Heir to Persian Throne Visiting Israel for Holocaust Remembrance Day

“Millions in Iran remember living alongside their Jewish neighbors. They reject the regime’s anti-Israel policies, and long for cooperation with the Jewish state.”

By Yossi Aloni | | Topics: Iran
Exiled Persian Crown Prince Reza Pahlavi will make his first visit to Israel this week. Photo by EPA/LUCAS DOLEGA
Exiled Persian Crown Prince Reza Pahlavi will make his first visit to Israel this week. Photo by EPA/LUCAS DOLEGA

Reza Pahlavi, heir to the Persian throne and son of the last shah, Mohammad Reza Pahlavi, will make a historic visit to Israel on Monday as a guest of the Ministry of Intelligence. During his visit to Israel, Pahlavi will meet with Prime Minister Benjamin Netanyahu and with Intelligence Minister Gila Gamliel.

Pahlavi, who lives in the United States, will participate on Monday evening in the state ceremony marking Holocaust Remembrance Day at Yad Vashem – a ceremony that will be addressed by Netanyahu and President Isaac Herzog, both of whom are expected to speak about the threats of annihilation from Iran, which is controlled by the ayatollahs who overthrew Pahlavi’s father.

The Ministry of Intelligence stated that the Persian royal’s visit “is intended to express solidarity with the citizens of Israel in light of the attacks by terrorist organizations operating under the auspices of Iran, to renew the relationship between the nations and to build an economic relationship with a focus on water technologies. Also, the Crown Prince is coming to honor the victims of the Holocaust as part of the Remembrance Day events and denounce the antisemitism and Holocaust denial of the Ayatollah regime.”

During his visit, the Pahlavi will also visit the Western Wall and host a meeting with senior officials of the community of Iranian expatriates in Israel.

Minister of Intelligence, MK Gila Gamaliel: “I am happy to host the Iranian Crown Prince, and appreciate his brave decision to visit Israel for the first time. The Crown Prince symbolizes a leadership different from that of the Ayatollah regime, and holds values of peace and tolerance, in contrast to the extremists who today rule Iran. Good relations between our nations existed already thousands of years ago, back in the days of Queen Esther who thwarted the evil Haman’s plot to destroy the Jews in Persia. We are taking the first step today to rebuild the ties between the nations.”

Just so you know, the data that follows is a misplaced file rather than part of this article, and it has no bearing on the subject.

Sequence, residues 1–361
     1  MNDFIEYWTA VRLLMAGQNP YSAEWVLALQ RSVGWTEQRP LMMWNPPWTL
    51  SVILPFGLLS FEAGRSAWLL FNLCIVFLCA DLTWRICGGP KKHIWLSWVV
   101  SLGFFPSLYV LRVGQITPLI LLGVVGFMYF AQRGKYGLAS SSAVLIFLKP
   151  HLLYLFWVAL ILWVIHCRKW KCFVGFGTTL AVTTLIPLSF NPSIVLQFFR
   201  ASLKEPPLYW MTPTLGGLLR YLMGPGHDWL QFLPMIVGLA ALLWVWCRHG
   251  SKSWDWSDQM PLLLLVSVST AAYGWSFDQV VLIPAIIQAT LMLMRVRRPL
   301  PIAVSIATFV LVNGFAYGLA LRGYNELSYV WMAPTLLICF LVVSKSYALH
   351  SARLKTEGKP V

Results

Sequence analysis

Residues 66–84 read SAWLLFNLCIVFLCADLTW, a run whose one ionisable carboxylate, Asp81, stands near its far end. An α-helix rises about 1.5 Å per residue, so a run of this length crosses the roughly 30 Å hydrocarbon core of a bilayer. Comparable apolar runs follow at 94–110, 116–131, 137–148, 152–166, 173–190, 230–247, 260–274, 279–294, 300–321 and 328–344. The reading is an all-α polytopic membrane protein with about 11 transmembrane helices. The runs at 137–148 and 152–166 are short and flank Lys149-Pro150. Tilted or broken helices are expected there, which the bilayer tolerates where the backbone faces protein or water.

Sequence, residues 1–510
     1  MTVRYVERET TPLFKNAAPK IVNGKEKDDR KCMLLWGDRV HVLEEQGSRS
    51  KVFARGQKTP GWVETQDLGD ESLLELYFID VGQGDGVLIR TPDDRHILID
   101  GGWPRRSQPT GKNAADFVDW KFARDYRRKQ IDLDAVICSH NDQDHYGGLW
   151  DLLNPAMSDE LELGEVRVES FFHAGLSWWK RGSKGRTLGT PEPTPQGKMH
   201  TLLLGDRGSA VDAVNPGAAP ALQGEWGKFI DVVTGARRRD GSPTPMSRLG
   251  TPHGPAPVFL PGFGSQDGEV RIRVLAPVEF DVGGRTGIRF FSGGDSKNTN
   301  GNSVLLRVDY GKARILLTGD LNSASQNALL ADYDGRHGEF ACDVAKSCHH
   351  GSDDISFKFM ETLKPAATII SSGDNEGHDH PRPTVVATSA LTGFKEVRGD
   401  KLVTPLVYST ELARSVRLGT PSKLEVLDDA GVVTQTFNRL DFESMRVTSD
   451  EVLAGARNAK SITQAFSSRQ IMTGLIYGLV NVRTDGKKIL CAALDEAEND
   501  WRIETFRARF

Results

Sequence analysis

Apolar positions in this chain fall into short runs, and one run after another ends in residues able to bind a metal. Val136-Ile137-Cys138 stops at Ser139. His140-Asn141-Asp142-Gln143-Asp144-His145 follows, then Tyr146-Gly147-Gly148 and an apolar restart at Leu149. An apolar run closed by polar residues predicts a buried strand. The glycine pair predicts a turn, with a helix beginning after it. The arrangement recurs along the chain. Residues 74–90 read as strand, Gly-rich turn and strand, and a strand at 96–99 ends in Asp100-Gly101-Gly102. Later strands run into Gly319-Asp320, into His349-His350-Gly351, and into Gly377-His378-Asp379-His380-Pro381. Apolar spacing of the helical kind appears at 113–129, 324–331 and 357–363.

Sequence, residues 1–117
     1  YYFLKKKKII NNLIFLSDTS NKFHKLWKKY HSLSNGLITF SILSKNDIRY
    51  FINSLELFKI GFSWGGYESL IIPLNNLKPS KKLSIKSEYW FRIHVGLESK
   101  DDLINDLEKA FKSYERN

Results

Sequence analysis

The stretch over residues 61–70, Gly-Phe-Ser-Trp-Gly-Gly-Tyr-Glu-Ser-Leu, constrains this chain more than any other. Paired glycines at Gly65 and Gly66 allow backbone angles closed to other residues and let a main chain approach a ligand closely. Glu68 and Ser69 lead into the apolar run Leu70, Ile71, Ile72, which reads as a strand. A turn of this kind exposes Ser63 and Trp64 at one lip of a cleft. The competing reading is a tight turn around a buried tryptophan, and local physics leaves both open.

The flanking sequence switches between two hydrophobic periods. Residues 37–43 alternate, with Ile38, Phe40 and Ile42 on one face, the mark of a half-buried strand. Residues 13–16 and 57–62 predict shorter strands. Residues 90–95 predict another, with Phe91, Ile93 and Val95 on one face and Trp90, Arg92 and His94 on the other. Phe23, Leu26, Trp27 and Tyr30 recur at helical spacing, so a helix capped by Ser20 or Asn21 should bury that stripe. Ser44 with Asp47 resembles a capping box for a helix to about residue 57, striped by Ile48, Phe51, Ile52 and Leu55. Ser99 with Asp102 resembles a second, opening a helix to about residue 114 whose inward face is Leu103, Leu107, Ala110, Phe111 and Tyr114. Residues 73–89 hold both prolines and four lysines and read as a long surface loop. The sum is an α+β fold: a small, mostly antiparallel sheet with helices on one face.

The Iranian heir to the throne, Reza Pahlavi: “The Iranian people aspire to a government that will respect its heritage, with the preservation of human rights and respect for religious and cultural diversity, among other things through the restoration of peace and friendship with Israel and Iran’s other neighbors. Millions of my compatriots still remember living alongside their Jewish friends and neighbors – before the Islamic Revolution tore the fabric of our society apart. They reject the regime’s murderous anti-Israel and antisemitic policies, and long for cultural, scientific and economic exchanges with Israel. A democratic Iran will seek to renew its ties with Israel and our Arab neighbors. In my opinion, that day is closer than ever.”

In 2019, Reza Koresh Pahlavi said that he sees himself as the leader of the opposition in Iran and aspires to return to it one day, because “in the democratic future Iran that I see in my vision, we will be friends again.” Pahlavi works against the Ayatollah regime from his home in the US and participated in demonstrations against the oppression of women in Iran.

“In principle, we will open relations with all friendly countries on the basis of mutual respect, in contrast to the current regime, which has been waging wars since coming to power.”

Pahlavi’s father, Mohammad Reza Pahlavi, fled Iran on January 16, 1979 in the shadow of the bloody demonstrations in Tehran and other cities. The masses took to the streets in those days to protest against his corrupt regime, which brutally oppressed political opponents. After months of clashes, when the army showed signs of weakness and the cancer-stricken shah appeared to be dysfunctional, he fled to Egypt – and the ayatollahs came to power led by the leader of the religious section of the opposition, Ruhollah Khomeini.

Reza Pahlavi was already in the US at the time: two years before, when he was 17-years-old, he went to study in America, where he remains until this day. In 1980, when he turned 21, his father died in Egypt, and Reza Pahlavi assumed the role of head of the household. Since then he has devoted his life to opposing the religious regime in Tehran.

Although many in Iran remember the Pahlavi family as a symbol of tyranny, corruption and exploitation of the citizenry, Prince Reza Pahlavi believes that the masses there still look up to the dynasty to which he belongs. In the past year, amid economic and social turmoil, there have been reports from Iran of public expressions of affection and longing for the Shah and his secular regime.


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